In addition to attending the Lab School, I had to keep up with the work that I was missing because I was not at school in London. Soon after returning from the USA, I had important examinations to sit. So, getting time to watch TV was difficult. I decided that the only way I could get a decent long session in front of the TV was to be sufficiently unwell for my parents to allow me to miss school.

I bought a copy of the weekly voluminous TV Guide for the Chicago area. It was the issue that covered Friday 22nd November 1963. I do not remember how I persuaded my parents that I was too unwell for school that day, but I did. My sister, aged 7, was deposited at the Lab School by my father on his way to the university. Much later that morning, my mother, a sculptress, set off for the studio where she worked during the day. I was left at home alone, ready to spend several hours watching the TV programmes I had selected from the TV Guide.

JFK

You can imagine my disappointment when the TV set had warmed up after I had switched it on. Instead of the TV programmes that I was looking forward to watching, there were non-stop news programmes on every channel. President John F Kennedy (‘JFK’) had just been shot in Dallas, Texas. Not only had one of America’s most charismatic presidents been assassinated, but also my day of uninterrupted TV viewing had been wrecked.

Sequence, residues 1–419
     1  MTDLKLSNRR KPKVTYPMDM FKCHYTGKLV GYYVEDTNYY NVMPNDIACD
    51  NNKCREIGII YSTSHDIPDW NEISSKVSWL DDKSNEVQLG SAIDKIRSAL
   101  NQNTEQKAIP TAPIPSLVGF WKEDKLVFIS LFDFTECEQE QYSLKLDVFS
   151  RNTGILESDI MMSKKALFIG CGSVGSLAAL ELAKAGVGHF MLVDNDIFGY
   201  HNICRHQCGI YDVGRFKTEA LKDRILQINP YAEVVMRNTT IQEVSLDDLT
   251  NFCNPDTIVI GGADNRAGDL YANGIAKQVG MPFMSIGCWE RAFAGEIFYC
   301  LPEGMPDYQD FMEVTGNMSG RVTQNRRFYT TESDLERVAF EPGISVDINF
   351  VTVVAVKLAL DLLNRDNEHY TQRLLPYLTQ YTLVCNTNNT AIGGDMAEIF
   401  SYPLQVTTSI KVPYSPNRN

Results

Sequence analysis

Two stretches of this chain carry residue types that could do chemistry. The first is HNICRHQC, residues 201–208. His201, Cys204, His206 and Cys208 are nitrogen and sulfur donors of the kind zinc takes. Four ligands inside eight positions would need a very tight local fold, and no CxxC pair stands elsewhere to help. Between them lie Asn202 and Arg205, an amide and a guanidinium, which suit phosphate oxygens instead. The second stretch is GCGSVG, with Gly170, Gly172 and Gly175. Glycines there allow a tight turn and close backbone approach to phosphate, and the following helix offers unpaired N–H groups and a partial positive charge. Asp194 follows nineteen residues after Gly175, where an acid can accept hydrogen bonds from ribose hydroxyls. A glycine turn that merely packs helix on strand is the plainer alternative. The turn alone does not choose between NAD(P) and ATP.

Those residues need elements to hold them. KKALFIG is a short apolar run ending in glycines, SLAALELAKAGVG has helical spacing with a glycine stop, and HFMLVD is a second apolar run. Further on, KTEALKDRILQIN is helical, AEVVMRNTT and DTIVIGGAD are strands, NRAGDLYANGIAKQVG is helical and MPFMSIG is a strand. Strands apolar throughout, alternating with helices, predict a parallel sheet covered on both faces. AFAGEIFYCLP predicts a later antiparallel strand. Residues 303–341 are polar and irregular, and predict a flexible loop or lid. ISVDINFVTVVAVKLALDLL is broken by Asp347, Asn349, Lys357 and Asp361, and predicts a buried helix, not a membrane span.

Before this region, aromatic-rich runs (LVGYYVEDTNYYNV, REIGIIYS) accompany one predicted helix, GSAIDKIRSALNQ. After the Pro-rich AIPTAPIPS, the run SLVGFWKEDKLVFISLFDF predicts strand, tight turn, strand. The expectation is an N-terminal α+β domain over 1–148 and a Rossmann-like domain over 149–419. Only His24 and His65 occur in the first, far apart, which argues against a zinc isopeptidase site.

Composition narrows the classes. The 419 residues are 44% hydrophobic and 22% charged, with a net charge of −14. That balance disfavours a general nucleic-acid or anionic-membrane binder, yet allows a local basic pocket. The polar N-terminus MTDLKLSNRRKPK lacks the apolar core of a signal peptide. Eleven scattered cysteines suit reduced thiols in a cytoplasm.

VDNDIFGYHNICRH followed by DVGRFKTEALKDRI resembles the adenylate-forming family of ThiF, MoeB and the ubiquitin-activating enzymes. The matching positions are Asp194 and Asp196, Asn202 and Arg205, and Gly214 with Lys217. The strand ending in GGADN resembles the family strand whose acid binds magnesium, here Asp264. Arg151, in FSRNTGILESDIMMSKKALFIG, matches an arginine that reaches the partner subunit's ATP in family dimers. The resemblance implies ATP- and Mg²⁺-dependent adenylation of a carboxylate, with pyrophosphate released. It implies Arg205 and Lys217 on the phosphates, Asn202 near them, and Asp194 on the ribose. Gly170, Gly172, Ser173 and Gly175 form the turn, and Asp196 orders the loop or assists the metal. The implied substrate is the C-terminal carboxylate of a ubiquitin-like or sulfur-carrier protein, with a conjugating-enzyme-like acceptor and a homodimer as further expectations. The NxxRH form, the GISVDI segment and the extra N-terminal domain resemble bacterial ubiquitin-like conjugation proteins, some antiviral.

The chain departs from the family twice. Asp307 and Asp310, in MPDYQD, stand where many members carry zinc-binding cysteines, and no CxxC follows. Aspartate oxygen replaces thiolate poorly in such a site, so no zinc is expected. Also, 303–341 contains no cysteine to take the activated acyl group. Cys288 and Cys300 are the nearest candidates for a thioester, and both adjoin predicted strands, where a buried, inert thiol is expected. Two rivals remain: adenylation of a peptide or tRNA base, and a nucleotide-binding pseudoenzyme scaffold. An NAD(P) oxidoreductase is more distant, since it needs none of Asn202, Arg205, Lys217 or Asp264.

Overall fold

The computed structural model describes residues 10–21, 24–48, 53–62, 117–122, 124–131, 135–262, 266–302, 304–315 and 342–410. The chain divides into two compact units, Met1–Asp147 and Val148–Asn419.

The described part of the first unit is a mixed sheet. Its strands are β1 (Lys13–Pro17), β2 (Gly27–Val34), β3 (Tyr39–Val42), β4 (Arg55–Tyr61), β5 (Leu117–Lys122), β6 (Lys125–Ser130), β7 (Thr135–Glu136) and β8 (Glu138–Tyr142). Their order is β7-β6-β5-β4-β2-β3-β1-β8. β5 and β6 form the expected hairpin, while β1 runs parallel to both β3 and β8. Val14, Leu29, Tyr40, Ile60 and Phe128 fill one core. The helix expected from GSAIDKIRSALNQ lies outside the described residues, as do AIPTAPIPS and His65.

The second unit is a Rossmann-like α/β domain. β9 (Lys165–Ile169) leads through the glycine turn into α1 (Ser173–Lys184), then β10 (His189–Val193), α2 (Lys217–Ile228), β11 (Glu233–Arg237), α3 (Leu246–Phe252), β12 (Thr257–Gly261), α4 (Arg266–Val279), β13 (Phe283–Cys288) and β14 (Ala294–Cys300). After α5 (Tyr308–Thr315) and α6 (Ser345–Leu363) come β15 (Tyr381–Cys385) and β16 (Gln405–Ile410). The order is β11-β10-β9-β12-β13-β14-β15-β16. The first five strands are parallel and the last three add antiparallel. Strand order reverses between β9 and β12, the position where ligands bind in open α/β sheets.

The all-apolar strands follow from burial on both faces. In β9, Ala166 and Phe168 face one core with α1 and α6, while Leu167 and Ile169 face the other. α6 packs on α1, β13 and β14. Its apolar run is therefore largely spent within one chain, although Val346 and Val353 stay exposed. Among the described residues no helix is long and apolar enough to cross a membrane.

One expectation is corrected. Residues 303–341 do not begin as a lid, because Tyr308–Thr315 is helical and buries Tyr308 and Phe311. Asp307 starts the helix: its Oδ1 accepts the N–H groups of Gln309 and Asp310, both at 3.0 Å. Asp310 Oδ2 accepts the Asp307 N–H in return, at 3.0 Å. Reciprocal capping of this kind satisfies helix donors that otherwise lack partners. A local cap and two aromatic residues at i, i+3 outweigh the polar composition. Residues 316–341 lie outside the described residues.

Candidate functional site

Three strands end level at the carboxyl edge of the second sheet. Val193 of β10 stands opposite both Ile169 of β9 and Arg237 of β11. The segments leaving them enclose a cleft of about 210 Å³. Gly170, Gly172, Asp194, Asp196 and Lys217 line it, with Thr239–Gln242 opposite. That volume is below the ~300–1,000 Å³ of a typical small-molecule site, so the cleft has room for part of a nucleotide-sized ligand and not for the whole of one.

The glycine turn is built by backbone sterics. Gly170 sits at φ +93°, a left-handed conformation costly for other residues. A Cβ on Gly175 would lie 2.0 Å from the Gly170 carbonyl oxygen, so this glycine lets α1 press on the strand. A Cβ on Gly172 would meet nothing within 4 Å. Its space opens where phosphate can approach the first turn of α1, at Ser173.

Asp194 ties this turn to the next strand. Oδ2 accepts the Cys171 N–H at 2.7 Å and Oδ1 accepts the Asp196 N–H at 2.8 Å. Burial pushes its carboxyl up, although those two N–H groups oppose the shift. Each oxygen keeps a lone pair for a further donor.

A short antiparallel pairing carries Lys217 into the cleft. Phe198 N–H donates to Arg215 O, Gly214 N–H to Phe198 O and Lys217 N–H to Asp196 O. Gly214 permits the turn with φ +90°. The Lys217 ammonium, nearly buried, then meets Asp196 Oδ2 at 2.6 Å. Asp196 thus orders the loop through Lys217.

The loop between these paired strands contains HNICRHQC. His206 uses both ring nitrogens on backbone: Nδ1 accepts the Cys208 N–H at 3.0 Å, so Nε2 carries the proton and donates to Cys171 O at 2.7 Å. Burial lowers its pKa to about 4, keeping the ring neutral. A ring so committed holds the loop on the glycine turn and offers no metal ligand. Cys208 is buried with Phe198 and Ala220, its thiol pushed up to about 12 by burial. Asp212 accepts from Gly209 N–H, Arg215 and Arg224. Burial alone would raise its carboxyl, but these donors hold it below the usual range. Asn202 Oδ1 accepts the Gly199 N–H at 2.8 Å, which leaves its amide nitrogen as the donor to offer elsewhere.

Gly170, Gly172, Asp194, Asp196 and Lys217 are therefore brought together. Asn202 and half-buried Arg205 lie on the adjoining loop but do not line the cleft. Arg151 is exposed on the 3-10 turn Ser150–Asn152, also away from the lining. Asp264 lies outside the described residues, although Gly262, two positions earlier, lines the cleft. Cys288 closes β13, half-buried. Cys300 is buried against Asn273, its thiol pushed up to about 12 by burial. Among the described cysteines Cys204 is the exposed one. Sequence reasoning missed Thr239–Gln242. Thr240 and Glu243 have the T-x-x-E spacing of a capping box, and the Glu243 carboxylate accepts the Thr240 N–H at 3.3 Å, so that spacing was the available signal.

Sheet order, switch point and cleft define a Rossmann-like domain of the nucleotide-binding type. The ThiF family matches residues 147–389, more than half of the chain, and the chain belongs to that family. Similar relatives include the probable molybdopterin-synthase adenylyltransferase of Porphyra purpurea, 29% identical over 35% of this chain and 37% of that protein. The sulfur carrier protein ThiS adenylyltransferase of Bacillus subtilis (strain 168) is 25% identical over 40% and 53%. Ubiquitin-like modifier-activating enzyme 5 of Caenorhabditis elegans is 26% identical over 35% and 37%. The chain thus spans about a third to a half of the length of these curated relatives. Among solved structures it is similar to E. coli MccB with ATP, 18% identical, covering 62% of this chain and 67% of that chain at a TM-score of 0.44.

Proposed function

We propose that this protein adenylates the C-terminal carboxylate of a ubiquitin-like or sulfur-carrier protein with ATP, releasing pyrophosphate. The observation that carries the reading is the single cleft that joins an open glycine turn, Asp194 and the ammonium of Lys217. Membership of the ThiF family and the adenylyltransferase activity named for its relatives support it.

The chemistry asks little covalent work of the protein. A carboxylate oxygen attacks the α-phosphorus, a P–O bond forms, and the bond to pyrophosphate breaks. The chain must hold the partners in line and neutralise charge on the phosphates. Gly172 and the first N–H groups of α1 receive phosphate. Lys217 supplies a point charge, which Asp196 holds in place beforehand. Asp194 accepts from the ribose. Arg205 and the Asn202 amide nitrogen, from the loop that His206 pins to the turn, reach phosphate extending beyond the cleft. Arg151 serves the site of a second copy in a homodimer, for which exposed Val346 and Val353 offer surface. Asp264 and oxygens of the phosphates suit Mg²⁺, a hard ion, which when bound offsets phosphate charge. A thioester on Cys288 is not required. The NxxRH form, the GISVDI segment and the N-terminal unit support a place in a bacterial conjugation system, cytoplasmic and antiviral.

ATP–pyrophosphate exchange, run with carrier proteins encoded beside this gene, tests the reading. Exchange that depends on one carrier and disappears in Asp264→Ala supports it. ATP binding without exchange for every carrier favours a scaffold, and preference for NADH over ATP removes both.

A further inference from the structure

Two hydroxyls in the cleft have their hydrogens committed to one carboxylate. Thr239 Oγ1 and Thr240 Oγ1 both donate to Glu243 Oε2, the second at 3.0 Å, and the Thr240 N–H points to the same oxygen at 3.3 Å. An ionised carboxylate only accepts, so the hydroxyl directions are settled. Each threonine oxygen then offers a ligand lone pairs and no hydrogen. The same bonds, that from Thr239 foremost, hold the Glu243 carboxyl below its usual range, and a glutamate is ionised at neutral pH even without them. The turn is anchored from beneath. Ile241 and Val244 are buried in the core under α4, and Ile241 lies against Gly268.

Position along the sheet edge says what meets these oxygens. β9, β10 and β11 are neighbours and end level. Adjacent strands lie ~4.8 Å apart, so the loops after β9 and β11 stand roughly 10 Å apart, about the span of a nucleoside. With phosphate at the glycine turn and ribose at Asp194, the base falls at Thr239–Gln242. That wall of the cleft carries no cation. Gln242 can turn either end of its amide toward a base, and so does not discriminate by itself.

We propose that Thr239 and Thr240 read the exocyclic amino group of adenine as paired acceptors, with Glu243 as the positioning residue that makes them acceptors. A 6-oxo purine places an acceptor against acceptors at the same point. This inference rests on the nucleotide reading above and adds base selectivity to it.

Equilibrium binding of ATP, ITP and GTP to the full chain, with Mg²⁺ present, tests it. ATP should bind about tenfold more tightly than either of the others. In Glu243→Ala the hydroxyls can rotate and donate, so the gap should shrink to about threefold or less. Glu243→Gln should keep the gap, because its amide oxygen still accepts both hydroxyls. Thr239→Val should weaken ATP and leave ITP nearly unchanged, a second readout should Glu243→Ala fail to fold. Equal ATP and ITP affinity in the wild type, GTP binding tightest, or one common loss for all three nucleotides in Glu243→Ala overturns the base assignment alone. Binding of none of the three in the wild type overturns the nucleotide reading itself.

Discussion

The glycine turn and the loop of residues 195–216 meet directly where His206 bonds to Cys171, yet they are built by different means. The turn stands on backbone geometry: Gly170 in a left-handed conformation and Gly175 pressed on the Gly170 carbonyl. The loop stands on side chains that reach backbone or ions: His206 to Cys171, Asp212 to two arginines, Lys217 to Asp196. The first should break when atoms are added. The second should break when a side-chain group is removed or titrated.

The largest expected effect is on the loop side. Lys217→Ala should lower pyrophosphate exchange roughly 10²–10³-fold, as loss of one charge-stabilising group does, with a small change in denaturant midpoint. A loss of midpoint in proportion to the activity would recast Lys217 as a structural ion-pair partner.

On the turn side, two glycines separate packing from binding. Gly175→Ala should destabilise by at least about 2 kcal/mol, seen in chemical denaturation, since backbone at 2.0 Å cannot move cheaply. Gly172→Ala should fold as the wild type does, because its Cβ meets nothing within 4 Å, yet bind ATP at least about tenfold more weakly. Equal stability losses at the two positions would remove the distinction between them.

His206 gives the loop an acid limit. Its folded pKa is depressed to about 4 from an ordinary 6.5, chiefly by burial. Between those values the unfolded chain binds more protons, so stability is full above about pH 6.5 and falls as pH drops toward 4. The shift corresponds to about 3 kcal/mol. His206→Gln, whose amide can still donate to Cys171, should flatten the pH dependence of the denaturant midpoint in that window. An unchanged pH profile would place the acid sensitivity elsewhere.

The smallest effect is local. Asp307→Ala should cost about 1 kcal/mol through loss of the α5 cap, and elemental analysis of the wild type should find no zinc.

My sister returned from school in the mid-afternoon. She told us that her class had been led out of the classroom to the school’s assembly room. There, they saluted the US flag before being told of the tragedy in Dallas.

On the Saturday morning, while I was struggling with my Latin assignment from London, my sister and some guests who were staying with us, the art historian Leo Ettlinger and his wife, were watching our TV in another room. Suddenly, my sister came running into the room where I was trying to study, and my mother was doing something domestic. She announced that while she was watching TV, she saw Jack Ruby shooting dead the prime assassination suspect Lee Harvey Oswald. My mother and I rushed to the TV. We were just in time to see the footage of Oswald’s murder being replayed.

Although, as an 11-year-old, I had negligible interest in politics or news in general, JFK’s demise made me feel depressed. I am not sure why. Maybe, it was because his death had significantly dampened the mood of Americans in general.